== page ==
Jeff's foray into radio is a relatively new career choice. He stepped up to the mic in 1995 as a fill-in host for another local radio station. Before he joined the ranks at WTMJ, most people recognized Jeff from his long and successful law career. He is a former federal prosecutor at the U.S. Attorney's Office for eleven and a half years where he was Head of the Organized Crime Task Force. In 1993, Jeff went into private practice and was also on the 1994 Republican candidate for State Attorney General.
For intelligent commentary and analysis of political and daily events, Milwaukee turns to the top-rated Midday with Charlie Sykes. Charlie is Wisconsin's most provocative, insightful radio talk show host and challenges conventional wisdom to provide listeners with the other side of the story.
Let me preface this by saying I don't have an official vote for the Heisman, though I don't know why, I'm just as well-credentialed as Professor Lance Allan. Nevertheless, after a season's worth of football viewing here's how I see it:
Week 14 begins tonight with Cleveland at Pittsburgh. The Steelers are in the thick of the AFC playoff picture as one of four teams tied with a 9-3 record. Then there's five other teams tied at 7-5. This is an excellent opportunity to brush up on the NFL tiebreakers.
The BCS and national championship picture will clear up this weekend with the conclusion of the college football regular season. Championship Weekend kicks off with a pair of games tonight and if you're a fan of offense you are in for a treat.
I picked up a copy of Michael Holley's new book "War Room" and as an NFL Draft geek I'm plowing through it. In the fourth chapter Holley describes the preparation for the 2006 draft and it serves as a reminder of how inexact the selection process can be.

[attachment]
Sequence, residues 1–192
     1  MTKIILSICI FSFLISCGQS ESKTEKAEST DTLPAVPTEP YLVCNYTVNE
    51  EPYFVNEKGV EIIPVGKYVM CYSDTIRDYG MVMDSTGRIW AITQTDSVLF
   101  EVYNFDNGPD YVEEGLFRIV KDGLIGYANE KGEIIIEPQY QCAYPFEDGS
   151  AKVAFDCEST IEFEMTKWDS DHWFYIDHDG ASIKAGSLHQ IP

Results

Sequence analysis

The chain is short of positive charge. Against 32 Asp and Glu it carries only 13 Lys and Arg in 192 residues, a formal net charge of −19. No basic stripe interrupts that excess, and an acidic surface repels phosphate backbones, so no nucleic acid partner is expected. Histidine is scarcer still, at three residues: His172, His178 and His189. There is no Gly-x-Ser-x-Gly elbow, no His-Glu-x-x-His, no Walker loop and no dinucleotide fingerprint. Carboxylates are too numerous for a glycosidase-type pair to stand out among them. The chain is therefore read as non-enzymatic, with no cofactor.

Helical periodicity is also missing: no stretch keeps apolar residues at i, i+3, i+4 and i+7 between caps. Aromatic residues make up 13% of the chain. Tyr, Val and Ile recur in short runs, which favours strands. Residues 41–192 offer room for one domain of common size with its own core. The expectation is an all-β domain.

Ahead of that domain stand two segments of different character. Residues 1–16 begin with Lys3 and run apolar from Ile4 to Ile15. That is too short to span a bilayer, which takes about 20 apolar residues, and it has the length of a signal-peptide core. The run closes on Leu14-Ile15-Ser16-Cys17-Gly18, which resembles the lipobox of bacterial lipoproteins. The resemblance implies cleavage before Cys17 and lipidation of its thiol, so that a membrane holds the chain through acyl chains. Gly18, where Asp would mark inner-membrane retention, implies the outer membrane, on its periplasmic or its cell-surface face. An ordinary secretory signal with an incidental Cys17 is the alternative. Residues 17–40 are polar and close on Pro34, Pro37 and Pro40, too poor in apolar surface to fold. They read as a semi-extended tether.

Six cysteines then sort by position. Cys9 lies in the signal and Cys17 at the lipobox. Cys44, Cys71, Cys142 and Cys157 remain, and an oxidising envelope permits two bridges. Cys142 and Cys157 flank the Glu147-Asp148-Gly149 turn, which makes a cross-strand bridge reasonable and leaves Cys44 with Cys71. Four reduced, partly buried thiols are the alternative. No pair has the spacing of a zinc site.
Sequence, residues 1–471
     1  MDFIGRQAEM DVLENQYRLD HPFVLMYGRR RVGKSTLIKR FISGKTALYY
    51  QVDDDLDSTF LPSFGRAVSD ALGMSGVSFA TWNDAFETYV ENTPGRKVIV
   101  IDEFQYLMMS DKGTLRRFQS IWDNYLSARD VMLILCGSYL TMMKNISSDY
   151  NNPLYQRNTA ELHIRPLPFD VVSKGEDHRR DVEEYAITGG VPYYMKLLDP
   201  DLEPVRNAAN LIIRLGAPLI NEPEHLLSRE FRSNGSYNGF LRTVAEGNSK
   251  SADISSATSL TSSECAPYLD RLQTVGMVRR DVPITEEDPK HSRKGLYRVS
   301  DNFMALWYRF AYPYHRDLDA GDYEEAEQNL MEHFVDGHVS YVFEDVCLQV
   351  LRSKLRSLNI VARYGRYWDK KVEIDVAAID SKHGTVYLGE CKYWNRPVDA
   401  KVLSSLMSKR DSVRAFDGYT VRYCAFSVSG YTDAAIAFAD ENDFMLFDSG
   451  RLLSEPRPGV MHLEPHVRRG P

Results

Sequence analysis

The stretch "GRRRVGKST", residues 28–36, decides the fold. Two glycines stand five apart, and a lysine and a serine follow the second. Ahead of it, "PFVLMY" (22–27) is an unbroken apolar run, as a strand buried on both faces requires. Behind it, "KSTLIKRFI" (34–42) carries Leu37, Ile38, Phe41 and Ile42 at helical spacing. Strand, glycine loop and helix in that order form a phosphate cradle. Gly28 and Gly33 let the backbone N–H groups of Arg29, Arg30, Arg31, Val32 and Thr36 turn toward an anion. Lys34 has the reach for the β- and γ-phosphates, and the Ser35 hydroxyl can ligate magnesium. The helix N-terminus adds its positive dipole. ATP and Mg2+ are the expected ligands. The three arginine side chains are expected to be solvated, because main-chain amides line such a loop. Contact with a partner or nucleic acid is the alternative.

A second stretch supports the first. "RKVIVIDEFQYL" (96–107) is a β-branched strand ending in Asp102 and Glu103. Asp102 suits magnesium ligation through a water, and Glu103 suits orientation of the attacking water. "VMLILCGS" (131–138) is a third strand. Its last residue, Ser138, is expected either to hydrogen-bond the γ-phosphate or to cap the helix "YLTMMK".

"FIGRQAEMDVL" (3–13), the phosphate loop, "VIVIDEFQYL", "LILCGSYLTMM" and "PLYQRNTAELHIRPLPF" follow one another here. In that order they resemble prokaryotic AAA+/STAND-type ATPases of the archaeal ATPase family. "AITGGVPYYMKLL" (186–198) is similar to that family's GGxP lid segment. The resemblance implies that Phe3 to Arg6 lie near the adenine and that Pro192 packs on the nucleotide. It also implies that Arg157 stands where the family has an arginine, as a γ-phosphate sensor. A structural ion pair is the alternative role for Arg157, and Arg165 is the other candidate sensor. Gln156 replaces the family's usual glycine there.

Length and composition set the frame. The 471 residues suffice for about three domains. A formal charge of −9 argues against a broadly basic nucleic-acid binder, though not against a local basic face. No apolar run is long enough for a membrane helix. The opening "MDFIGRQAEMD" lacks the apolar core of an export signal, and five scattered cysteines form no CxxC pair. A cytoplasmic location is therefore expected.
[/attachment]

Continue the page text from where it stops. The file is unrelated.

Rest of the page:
We've got a big stretch of days coming up with college basketball getting underway, college football in crunch time and the NFL heating up. I'll be sitting in on Sports Central with Trenni Kusnierek on Friday night, followed by a brief Wisconsin Sports Weekend on Saturday following the Wisconsin-Minnesota game.
Six weeks remain in the college football regular season and the elimination process for the BCS title game is underway. Certainly there's a lot of focus on next Saturday's #1 vs #2 matchup but this weekend will make the BCS and title game picture a little less fuzzy. Consider these contests:
If you're looking for a little Thursday night must-see TV other than the World Series may I suggest the Rice-Houston game on Fox Sports. The Cougars are unbeaten and ranked 17th in the recent BCS standings. With a little luck and a Boise State loss Houston might end up in the BCS picture.
This deep into the season it doesn't get any better than 7-0. The Packers quest for perfection keeps rolling despite an uneven performance against Minnesota. In the end 33-27 doesn't look impressive on the surface but the Packers showed that there are many ways to win a football game. Aaron Rodgers was superb as usual. Mason Crosby and Tim Masthay both put up great individual special teams efforts. And when the defense needed to tighten up and make a stop, they did.
After a torrid start people are saying that Aaron Rodgers has elevated his game to a level never before seen in the NFL. Is that true? The last player to reach that stratosphere of never-before-seen was Tom Brady in 2007. So I decided to compare the game-by-game numbers of each quarterback through the first six games of their respective seasons.